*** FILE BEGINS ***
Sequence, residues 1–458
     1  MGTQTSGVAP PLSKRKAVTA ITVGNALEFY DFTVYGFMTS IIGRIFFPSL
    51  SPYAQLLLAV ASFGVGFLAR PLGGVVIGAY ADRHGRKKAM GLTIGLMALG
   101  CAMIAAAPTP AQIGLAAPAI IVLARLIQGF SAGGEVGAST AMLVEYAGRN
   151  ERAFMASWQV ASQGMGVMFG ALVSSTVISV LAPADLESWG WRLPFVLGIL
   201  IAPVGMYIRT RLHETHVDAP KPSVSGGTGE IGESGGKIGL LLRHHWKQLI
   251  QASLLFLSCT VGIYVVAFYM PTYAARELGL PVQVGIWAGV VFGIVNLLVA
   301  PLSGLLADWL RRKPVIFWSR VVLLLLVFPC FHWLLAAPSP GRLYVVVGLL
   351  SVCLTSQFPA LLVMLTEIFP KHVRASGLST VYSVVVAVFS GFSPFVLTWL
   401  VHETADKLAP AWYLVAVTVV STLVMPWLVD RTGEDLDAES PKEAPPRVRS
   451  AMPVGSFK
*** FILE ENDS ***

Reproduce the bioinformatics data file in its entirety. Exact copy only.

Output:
Sequence, residues 1–458
     1  MGTQTSGVAP PLSKRKAVTA ITVGNALEFY DFTVYGFMTS IIGRIFFPSL
    51  SPYAQLLLAV ASFGVGFLAR PLGGVVIGAY ADRHGRKKAM GLTIGLMALG
   101  CAMIAAAPTP AQIGLAAPAI IVLARLIQGF SAGGEVGAST AMLVEYAGRN
   151  ERAFMASWQV ASQGMGVMFG ALVSSTVISV LAPADLESWG WRLPFVLGIL
   201  IAPVGMYIRT RLHETHVDAP KPSVSGGTGE IGESGGKIGL LLRHHWKQLI
   251  QASLLFLSCT VGIYVVAFYM PTYAARELGL PVQVGIWAGV VFGIVNLLVA
   301  PLSGLLADWL RRKPVIFWSR VVLLLLVFPC FHWLLAAPSP GRLYVVVGLL
   351  SVCLTSQFPA LLVMLTEIFP KHVRASGLST VYSVVVAVFS GFSPFVLTWL
   401  VHETADKLAP AWYLVAVTVV STLVMPWLVD RTGEDLDAES PKEAPPRVRS
   451  AMPVGSFK